There are two major types of diabetes mellitus, Type 1 Diabetes (T1D) and Type 2 Diabetes (T2D), however a number of subtypes have been defined and classified. Maternally Inherited Diabetes and Deafness (MIDD) and Maturity Onset Diabetes of the Young (MODY) are monogenic forms, whereas Latent Autoimmune Diabetes in Adults (LADA) is thought to be a polygenic subtype similar to T1D. Mutations in the Hepatocyte Nuclear Factor 1a (HNF1a) gene cause MODY3, however common genetic variation could predispose to the more common T2D.
It is important to learn more about genes causing or predisposing to diabetes to understand the mechanisms by which impaired beta cell function and insulin sensitivity lead to diabetes.
The aim of this thesis was to elucidate the role of and functionally characterize mutations and polymorphisms in candidate genes for different subtypes of diabetes. The L107I-mutation in the HNF1a gene resulted in decreased transcriptional activity and DNA-binding in vitro which by haploinsufficiency mechanisms led to a defect insulin secretion and MODY3. Another mutation in HNF1a, M626K, was found to co-segregate with the A3243G-mutation in mitochondrial DNA in a large pedigree with diabetes. The M626K mutation resulted in decreased transcriptional activity of HNF1a in vitro, while co-inheritance of M626K and A3243G was associated with an earlier age at onset of diabetes. Our studies on the role of common variation in HNF1a in T2D indicate that certain combinations of the I27L and A98V lead to decreased transcriptional activity of HNF1a in vitro and were in vivo associated with decreased insulin secretion and a moderately increased risk of future T2D. We also compared the role of genetic variation in TCF7L2, PAX4, PAX6 as well as HLA genotypes between LADA, T1D and T2D.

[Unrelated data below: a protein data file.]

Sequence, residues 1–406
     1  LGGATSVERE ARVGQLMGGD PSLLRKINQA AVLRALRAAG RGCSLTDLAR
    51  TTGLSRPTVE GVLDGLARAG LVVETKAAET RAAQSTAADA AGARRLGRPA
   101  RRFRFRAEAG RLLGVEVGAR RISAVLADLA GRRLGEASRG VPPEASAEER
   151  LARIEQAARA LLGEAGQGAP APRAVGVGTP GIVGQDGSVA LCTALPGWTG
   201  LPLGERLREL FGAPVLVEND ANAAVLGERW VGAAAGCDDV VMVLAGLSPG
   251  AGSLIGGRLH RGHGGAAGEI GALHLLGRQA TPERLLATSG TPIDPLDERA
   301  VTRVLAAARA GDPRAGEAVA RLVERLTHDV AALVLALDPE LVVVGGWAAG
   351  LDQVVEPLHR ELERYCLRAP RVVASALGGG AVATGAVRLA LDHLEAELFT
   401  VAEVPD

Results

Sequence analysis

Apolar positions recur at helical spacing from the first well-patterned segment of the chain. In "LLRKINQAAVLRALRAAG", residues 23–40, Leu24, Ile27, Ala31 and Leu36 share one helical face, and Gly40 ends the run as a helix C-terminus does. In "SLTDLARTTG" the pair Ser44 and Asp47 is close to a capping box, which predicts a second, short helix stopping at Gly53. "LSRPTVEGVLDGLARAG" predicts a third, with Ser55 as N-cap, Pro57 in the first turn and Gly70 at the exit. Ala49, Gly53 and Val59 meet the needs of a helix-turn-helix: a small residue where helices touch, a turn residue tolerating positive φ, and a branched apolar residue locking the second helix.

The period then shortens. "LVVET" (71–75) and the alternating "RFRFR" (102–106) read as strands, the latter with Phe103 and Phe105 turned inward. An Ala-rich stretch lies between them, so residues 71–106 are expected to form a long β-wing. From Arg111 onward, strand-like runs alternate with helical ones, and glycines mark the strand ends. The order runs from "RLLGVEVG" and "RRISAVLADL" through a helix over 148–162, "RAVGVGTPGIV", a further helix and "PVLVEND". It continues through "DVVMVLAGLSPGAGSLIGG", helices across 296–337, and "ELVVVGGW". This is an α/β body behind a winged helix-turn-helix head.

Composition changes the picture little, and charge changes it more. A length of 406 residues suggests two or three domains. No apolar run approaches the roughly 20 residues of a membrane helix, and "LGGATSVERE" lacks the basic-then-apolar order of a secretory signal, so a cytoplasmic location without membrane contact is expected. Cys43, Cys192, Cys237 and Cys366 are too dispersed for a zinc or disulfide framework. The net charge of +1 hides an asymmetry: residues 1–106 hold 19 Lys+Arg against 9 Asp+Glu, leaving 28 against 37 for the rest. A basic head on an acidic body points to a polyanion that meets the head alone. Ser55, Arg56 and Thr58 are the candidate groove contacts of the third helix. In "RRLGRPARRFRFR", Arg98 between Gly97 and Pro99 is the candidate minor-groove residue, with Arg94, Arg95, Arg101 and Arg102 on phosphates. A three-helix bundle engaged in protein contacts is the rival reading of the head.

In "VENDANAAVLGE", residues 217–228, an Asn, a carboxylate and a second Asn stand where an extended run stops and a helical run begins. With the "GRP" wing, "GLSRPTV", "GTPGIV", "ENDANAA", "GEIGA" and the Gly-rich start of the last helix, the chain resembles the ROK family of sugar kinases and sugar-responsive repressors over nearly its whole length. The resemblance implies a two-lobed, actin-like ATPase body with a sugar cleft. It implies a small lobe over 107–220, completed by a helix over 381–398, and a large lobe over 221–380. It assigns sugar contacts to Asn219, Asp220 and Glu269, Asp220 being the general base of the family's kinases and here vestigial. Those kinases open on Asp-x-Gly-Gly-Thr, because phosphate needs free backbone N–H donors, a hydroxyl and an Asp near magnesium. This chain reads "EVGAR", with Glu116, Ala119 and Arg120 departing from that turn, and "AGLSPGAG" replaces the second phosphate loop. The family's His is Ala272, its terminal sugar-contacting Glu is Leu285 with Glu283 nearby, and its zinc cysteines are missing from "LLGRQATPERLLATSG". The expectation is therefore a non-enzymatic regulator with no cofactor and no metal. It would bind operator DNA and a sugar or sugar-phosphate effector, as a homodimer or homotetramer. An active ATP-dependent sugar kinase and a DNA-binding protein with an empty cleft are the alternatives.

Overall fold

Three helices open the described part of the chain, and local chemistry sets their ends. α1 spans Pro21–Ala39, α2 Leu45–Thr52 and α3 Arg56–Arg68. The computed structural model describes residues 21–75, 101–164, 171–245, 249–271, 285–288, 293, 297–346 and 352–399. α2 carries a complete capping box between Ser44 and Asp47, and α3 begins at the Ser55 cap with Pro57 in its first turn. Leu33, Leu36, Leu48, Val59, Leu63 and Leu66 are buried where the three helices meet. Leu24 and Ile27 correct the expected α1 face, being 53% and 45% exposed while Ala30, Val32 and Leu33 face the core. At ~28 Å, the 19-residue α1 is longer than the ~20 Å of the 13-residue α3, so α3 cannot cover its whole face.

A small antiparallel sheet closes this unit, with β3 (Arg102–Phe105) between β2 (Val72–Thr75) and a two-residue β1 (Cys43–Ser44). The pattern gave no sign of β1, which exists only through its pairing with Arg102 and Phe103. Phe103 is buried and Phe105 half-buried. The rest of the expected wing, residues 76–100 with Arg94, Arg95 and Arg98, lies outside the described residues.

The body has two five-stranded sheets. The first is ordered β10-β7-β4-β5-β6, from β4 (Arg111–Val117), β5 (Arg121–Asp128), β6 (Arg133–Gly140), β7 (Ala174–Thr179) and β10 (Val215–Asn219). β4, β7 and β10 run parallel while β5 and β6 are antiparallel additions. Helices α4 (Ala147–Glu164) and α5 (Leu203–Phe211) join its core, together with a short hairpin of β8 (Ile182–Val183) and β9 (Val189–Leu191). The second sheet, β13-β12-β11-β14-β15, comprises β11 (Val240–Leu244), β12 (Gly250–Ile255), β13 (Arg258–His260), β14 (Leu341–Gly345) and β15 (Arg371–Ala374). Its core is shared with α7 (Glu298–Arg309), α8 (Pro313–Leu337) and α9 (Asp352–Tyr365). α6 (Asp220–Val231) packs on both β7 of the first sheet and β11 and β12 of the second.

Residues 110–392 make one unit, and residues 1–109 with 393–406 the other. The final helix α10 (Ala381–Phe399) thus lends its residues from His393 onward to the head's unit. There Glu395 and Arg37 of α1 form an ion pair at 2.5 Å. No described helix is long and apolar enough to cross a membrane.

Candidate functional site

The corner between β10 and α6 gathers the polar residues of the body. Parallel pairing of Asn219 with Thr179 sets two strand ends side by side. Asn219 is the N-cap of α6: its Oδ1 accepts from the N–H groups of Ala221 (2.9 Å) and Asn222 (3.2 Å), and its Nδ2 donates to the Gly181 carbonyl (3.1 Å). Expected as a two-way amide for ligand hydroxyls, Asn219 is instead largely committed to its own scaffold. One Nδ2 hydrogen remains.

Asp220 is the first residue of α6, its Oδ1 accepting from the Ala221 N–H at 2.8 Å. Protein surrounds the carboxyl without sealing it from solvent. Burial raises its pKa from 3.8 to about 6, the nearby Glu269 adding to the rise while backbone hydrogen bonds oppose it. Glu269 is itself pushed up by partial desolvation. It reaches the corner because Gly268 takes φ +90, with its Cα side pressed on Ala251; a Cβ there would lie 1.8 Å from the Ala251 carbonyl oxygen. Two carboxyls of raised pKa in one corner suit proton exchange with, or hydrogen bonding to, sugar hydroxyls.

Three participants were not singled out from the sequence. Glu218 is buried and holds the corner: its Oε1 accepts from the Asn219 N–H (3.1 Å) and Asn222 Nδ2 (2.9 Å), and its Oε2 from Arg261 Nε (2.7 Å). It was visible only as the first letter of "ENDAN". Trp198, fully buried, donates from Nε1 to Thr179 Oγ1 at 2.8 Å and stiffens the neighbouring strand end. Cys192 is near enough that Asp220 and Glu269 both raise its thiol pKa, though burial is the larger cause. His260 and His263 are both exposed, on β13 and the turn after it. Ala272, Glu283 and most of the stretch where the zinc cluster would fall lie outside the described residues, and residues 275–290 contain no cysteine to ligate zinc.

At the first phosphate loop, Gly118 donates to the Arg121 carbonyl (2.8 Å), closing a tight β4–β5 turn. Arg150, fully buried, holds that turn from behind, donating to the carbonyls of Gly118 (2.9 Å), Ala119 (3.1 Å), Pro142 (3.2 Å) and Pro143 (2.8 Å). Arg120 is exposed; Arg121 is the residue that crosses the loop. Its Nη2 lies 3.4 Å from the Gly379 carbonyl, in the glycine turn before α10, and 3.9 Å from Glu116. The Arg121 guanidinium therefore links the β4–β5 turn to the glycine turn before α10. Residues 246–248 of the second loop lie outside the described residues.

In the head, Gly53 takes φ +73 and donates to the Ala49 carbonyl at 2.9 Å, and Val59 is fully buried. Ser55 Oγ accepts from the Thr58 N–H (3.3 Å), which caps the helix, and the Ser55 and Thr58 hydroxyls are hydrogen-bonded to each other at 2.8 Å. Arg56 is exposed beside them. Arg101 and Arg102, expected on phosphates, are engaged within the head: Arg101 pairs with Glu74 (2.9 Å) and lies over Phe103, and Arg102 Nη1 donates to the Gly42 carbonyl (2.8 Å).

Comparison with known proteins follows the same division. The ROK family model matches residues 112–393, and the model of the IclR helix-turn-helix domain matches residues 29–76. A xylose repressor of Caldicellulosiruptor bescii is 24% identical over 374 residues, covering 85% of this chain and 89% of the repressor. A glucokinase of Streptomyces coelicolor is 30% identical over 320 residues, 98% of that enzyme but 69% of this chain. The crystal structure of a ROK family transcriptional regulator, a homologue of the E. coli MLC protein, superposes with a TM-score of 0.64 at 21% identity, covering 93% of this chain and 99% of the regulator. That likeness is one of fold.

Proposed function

The results showed that LADA patients share genetic features with both T2D (TCF7L2) and T1D (HLA) but also retain characteristic features (PAX6), which justifies classifying LADA as a distinct diabetic subgroup in the twilight zone between T1D and T2D.